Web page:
By Jennifer Kwan
VICTORIA, British Columbia Feb 19 British
Columbia will return to a budget surplus in the next fiscal year
by clamping down on spending, hiking taxes and selling assets,
its finance minister projected on Tuesday in a lean budget that
is seen as make-or-break for the Liberals ahead of a May
The Canadian province's annual budget projected a small
surplus of C$197 million ($194.69 million) in the coming fiscal
year, after a revised deficit of C$1.2 billion in 2012-13.
In the fall, the government projected a deficit in 2012-13
of C$1.47 billion and originally pegged the deficit at C$968
million last February.
It sees a surplus of C$211 million in 2014-15 and a slightly
larger C$460 million surplus in 2015-16.
True to comments leading up to Tuesday, Finance Minister
Mike de Jong's budget was thin on pre-election goodies and did
not pitch extravagant spending.
Instead, it was aimed at bolstering the Liberal government's
fiscal credentials ahead of the May election in which polls say
opposition New Democrats have an edge.
"The numbers themselves speak to the level of prudence that
is embedded here," de Jong told reporters before delivering his
budget speech in the legislature.
Over the next three years, total revenue is expected to grow
by an average of 3 percent annually, but the budget projects
spending will grow by an average of 1.5 percent a year.
The B.C. government is expected to swing to a surplus by
finding savings of close to $1.1 billion over the next three
years by keeping tight tabs on spending such as slowing health
spending, as well as freezes on hiring and management salaries.
Tax changes are projected to generate $1.2 billion over the
period, including a hike in the general corporate income tax
rate to 11 percent from the current 10 percent, which begins on
The government will also implement a temporary two-year
increase in the personal income tax rate for people earning more
than C$150,000, boosting rates by 2.1 percentage points to 16.8
percent beginning Jan. 1, 2014.
Planned property and asset sales are expected to return
roughly $625 million over the next two years.
The budget follows the release on Monday of an independent
review of the government's revenue projections by former Bank of
Montreal chief economist Tim O'Neill.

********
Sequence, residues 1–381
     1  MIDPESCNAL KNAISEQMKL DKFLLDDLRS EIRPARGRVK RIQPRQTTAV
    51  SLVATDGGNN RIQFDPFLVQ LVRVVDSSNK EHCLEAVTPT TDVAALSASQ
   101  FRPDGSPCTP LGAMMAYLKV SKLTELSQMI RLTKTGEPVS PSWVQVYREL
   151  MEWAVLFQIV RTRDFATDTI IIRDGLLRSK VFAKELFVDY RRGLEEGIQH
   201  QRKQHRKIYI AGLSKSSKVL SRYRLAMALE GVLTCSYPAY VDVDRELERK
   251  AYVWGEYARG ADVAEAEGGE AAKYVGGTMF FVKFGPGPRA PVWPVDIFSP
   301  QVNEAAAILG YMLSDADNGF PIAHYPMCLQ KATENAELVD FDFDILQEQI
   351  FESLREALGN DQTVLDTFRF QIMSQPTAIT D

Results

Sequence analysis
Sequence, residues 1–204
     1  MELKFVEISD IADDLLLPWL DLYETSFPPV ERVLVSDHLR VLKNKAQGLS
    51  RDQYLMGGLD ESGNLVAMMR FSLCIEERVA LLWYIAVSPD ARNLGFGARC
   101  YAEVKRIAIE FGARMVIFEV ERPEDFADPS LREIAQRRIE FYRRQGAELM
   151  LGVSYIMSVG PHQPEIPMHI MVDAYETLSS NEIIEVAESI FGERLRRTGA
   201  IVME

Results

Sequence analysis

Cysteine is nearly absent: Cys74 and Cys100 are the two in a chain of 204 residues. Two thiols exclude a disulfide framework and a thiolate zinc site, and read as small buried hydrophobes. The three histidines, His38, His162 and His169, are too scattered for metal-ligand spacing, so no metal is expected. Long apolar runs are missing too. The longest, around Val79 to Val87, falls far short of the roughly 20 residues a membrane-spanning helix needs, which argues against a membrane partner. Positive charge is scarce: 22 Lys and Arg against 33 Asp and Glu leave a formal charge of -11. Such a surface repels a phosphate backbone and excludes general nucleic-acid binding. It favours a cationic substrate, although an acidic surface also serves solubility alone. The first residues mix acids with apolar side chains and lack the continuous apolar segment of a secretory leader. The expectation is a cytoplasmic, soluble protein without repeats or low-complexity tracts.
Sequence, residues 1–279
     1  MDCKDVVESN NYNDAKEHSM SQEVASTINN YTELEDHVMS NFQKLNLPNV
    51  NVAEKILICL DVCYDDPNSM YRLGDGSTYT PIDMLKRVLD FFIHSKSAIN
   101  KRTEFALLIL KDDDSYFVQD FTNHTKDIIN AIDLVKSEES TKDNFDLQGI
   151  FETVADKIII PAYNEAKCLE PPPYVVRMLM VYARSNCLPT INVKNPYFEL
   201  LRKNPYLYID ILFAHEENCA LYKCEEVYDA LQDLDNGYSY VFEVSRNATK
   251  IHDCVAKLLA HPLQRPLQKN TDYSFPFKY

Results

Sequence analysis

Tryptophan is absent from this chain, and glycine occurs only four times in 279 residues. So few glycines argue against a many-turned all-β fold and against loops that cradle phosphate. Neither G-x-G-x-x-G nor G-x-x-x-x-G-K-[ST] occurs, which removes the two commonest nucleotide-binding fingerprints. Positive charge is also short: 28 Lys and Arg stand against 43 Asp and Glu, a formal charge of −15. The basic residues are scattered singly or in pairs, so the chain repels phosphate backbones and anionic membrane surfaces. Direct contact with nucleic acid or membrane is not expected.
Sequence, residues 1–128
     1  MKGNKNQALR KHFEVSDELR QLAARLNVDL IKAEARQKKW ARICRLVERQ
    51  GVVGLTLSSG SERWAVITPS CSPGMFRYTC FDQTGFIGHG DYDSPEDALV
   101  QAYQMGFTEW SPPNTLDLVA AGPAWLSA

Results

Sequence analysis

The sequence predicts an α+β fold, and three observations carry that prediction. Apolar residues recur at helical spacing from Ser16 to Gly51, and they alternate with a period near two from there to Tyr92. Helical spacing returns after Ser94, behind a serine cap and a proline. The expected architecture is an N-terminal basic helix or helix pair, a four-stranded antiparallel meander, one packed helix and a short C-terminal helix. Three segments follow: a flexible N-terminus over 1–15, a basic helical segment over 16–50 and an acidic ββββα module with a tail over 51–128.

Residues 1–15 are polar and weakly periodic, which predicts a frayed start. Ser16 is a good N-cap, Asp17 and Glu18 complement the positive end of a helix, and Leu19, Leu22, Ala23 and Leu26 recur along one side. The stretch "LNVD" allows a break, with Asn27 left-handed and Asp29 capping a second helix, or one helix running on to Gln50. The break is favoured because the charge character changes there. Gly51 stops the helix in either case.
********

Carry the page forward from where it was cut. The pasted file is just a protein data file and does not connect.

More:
He said the numbers were "generally well-founded," but he
called for a more conservative approach to revenue expectations
for natural gas. The analysis also recommended moving forward
the implementation of the corporate tax hike.
Some stakeholders were skeptical the public would find the
budget credible, with some suggesting the Liberals had borrowed
from the New Democrats' playbook, particularly on corporate tax
As well, still fresh on the minds of most British Columbians
is former Premier Gordon Campbell's promise during the 2009
election campaign that the budget deficit would be a maximum of
C$495 million, but it wound up being C$1.8 billion.
"No one's going to buy this. They're laughing out there. The
whole province is having a good hard laugh and wondering when is
this going to be over," said Jim Sinclair, president of the B.C.
Federation of Labour. Sinclair also accused the government of
effectively holding a "fire sale" on assets to balance the
Jock Finlayson, executive vice president of the Business
Council of British Columbia, said the figures were credible, but
the province's competitiveness may be less attractive given the
impending return to the provincial sales tax, the corporate tax
hike and other economic factors such as the strong Canadian
B.C.'s total debt is forecast to reach C$62.7 billion in
2013-14, C$66.5 billion in 2014-15, and C$69.4 billion in
2015-16. Taxpayer supported debt is projected to be C$42.6
billion in 2013-14, C$44.5 billion the year after, and C$46.1
billion in 2015-16.
The budget projects modest economic growth of 1.6 percent in
2013, before rising slightly to 2.2 percent in 2014, and 2.5
percent in 2015.